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What “Nature” means to Fukuoka, and What We Can Do

16 Sep

In the movie Ratatouille, all kinds of complicated dishes are served to the wealthy patrons of a French restaurant.  However, it is the taste of a simple dish which wins over the heart of the harshest of food critics.  Masanobu Fukuoka might have said, “I told you so,” but there is much more to his philosophy of simplicity in food.

Modern society’s obsession with refined, commercialized food clashes with Fukuoka’s belief in the consumption of purely natural foods.  The sad reality is that even those who think they eat a lot of natural foods probably do not, if going by Fukuoka’s definition.  First, Fukuoka is not just referring to snack food with preservative elements; he is also referring to chemicals used during the growth of crops.  He has shown that crops grown without chemicals and insecticides may actually be healthier than the chemical-doused crops grown by huge companies.  The consumption of out-of-season fruits, as an example, would also be the consumption of unnatural chemicals.  I do not believe it is practical for everyone to stop buying fruits and vegetables grown with the use of chemicals; were today’s diminished count of farmers to forsake “science” when growing crops, we would not have enough food for the Earth’s current population.

There is one aspect of Fukuoka’s wishes which can, however, be tackled.  Today, it is all too common to find the taste of natural food overwhelmed with artificially added flavors.  Vegetarians who swear by natural foods slather them with unnatural dressing.  Americans commonly oversalt foods of all kinds.  Snack and soda manufacturers all cram too much sugar into too small a space (have you ever measured out 40 grams of sugar and seen how much space it occupies?).  It is completely within our power to choose to consume foods with a limited amount of additional flavorings, in an attempt to get back to “natural” taste.

Art, Skill, or Both?

16 Sep

Some people would call someone who makes food that’s good for you a chef. Others call someone who makes good looking food an artist. But in today’s world of farming, have these two categories collided? Where is the difference? Now in today’s world with a population that’s exponentially growing, farmers are being forced to use all kinds of unnatural additives and preservatives too create food and keep it fresh.  And with organic produce being so expensive these days, I don’t blame society for not following as closely as they should. With this being so, Fukuoka Masanobu, philosopher of nature faming is rolling over in his grave as we speak.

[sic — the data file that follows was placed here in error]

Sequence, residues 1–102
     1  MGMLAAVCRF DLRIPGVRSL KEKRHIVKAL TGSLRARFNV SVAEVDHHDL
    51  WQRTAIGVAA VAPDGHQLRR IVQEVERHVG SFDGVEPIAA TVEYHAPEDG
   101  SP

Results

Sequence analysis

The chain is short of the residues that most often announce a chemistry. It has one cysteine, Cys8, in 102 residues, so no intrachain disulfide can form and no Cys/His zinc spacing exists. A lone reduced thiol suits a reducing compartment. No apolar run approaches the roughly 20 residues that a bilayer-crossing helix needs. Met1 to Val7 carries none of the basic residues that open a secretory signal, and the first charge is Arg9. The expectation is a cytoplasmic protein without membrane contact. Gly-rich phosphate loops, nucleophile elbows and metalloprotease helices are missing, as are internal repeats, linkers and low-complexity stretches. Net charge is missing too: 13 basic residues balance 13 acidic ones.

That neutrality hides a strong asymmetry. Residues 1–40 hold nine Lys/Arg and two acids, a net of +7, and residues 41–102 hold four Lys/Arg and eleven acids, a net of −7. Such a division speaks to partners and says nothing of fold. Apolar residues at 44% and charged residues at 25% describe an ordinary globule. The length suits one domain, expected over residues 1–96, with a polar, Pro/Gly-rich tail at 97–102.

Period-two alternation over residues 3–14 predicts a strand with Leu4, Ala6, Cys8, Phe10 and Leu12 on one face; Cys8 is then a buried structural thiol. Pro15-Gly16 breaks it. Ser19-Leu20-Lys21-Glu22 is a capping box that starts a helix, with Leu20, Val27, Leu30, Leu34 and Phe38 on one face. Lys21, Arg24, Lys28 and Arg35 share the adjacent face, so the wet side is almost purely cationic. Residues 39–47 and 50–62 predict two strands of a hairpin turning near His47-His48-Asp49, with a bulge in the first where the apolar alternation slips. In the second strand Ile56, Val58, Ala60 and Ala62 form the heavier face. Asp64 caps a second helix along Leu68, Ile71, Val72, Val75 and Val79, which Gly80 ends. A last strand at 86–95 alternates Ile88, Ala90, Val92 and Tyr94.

Fukuoka was a strong believer in traditions.  Every culture has its traditional dishes. But it seems that all people care about today is how well you can transform those traditions into something new and hip. Lets take Iron Chef America for example. This show was created for foodies. Once a Japanese show, the Food Network decided to create their own version. This show essentially, is a competition to see which chef can create their traditional dishes, with the best twist, or something added. For the average foodie, this is a dream come true. You get to see how the food is made and what it probably tastes like.  Fukuoka would hate this show. You have French chefs trying to mix Korean into their meals. You have Italian chefs trying to mix Indian into their meals. It’s not a competition to see who can make the best food, but rather who can the make most interesting and good tasting combination.